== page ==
MM: Before “Spiritual Warfare”, I released “Sprinkle The Blood” which was based off of an experience with a drug dealer that claimed territory over an area in which I, along with some others, was sent to minister. However, we prayed over the situation and literally “sprinkled the blood.” Within a few weeks, we didn’t have to deal with the drug dealer any more.
TT: Oh wow! Those are some serious testimonies. Ok, so your first single was “Sprinkle the Blood” and the second one was “Spiritual Warfare,” is it that you’re releasing an album?
MM: Yes! I’m hoping and praying to do an album early next year.
TT: Fantastic! And do you have a name for your album?
MM: Yes, I was thinking of [content not available] but that’s off the record, can’t be released as yet (laughs).
TT: (laughs) Ok, I’m going to have to leave that bit out! And will you be releasing any music videos, as well?
MM: Yes, I’m currently working on the video for “Spiritual Warfare” with the production company “Murray Pro”. It’s my first time working with him but he (Murray Pro) does good work, I’ve seen it. So I’m looking forward to working together.
TT: And what about your work with Shaka Productions?
MM: My first “Single Sprinkle the Blood” was produced by Kern Noel of Kompel Music productions. From “Spiritual Warfare” onward, Shaquille Charles has been doing my music. Shaquille is very encouraging and a good brother to be around.
TT: So that’s Murray Pro and Shaka Productions. Do you have any other collaborations on the horizon or at least, any idea of other artists you’d want to work with?
MM: Yes of course! Denecka Andrews from Point Fortin. She has a wonderful voice, truly out of this world. I noticed it when she did background vocals on one of my songs. I’d like to work with Blessed Messenger because of his energy, I really am a fan of his hype. And Jaron Nurse, I admire his humility. I think he’s a good person to relate to.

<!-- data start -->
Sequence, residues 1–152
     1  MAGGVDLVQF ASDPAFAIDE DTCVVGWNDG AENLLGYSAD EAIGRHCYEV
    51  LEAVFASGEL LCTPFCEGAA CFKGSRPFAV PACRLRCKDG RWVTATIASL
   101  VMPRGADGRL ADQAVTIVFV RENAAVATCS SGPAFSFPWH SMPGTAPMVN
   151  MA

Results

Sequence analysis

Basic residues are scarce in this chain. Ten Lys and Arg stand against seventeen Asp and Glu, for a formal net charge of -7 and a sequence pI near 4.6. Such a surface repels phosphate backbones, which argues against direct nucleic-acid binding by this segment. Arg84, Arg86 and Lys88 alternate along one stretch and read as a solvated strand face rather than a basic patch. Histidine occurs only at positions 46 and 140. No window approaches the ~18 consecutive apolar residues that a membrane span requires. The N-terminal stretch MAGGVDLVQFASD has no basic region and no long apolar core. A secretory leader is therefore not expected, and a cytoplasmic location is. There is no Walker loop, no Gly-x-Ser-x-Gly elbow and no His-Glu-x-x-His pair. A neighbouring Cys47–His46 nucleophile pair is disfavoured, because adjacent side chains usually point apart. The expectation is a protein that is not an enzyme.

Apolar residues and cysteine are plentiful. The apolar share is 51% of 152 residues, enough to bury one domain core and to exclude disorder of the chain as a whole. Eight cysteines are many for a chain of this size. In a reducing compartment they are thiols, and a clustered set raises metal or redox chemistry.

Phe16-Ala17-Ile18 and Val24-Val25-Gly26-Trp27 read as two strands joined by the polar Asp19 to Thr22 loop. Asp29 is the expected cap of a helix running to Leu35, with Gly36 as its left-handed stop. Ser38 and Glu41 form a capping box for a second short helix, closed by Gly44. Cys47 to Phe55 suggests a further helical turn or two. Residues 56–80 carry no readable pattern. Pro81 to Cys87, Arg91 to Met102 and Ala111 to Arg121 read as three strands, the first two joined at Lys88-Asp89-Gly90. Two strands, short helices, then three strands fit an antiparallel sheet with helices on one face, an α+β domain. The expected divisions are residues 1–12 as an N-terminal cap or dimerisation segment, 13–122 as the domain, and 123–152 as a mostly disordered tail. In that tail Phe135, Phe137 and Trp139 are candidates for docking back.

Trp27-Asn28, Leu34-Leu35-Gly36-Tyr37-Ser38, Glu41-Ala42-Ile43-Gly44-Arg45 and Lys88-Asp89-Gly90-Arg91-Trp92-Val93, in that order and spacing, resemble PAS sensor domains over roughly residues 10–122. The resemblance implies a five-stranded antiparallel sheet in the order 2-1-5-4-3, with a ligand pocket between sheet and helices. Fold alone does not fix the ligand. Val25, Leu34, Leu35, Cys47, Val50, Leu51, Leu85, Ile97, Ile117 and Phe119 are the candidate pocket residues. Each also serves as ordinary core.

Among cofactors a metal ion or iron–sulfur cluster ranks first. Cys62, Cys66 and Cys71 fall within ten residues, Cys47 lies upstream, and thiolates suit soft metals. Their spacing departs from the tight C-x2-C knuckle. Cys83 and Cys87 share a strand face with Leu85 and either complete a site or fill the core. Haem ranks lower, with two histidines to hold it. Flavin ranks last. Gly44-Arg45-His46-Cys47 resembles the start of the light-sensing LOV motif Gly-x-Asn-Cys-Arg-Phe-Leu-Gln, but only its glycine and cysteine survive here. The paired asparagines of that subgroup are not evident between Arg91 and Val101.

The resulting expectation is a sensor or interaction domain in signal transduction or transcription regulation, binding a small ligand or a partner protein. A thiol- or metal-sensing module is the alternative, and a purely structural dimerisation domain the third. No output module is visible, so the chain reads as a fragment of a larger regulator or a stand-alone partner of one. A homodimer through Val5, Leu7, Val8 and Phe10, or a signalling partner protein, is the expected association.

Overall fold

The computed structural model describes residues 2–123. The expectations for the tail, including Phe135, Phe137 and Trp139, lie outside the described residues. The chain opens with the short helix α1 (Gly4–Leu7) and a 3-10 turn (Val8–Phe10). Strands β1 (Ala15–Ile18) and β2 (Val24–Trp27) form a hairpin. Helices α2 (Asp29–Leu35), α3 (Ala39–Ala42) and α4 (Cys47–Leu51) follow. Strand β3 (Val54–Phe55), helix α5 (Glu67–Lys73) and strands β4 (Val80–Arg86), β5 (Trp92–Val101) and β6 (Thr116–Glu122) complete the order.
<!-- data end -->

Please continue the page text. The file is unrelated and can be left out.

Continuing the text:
TT: And what about musical influences?
MM: Well I’m a dancehall artist so I look to Jay Prince because of his style, his music can reach anyone. And he does his own beats! He releases them under J-Lab Productions.
The other artist that influences me is Farenite who is extremely lyrical, he really knows how to write and deliver powerfully.
TT: So what’s next for Mosqkey Musiq?
MM: Well apart from the music video, I’ll be performing “Spiritual Warfare” and ministering at Joyous Celebrations 2 on June 15th, and then again on Labour Day at the Football Outreach Tournament, alongside Jaron Nurse and Yelena. I’ve also been liaising to perform at another upcoming event, but I’m just awaiting further details.
TT: And where can we find an audio file of “Spiritual Warfare” in the mean time?
MM: You can find it on SoundCloud, Youtube, Facebook and Instagram, just search the ID: @Mosqkey_Musiq
TT: Well Mosqkey, that’s it for the interview, any final words that you’d like to leave with us?
MM: Yes, this is an excerpt from my favourite bible verse, Jeremiah 29: 11-14
“For I know the plans I have for you,” declares the Lord, “plans to prosper you and not to harm you, plans to give you hope and a future. Then you will call on me and come and pray to me, and I will listen to you. You will seek me and find me when you seek me with all your heart. I will be found by you,” declares the Lord, “and will bring you back from captivity.”
TT: So basically, leave and let God.
ABOUT THE AUTHOR
Tracy Tuitt is a Caribbean, contemporary-soul vocalist whose voice has been described as “smooth” and “honey-like.” She has been singing and performing over the last 16 years for both local and international audiences.
Her most notable performances include: The Young Singers Showcase hosted by the Picoplat Music Development Foundation and Music TT’s inaugural Music Showcase as a finalist. She was also featured on the Uncovered Web Series and Live Show as an artiste to watch. All projects took place in 2017.
In 2018, Tracy officially signed on to participate in Brian Mac Farlane’s annual production of Christmas Joy Chimes of Peace as part of the B.Macnificent Voices Choir.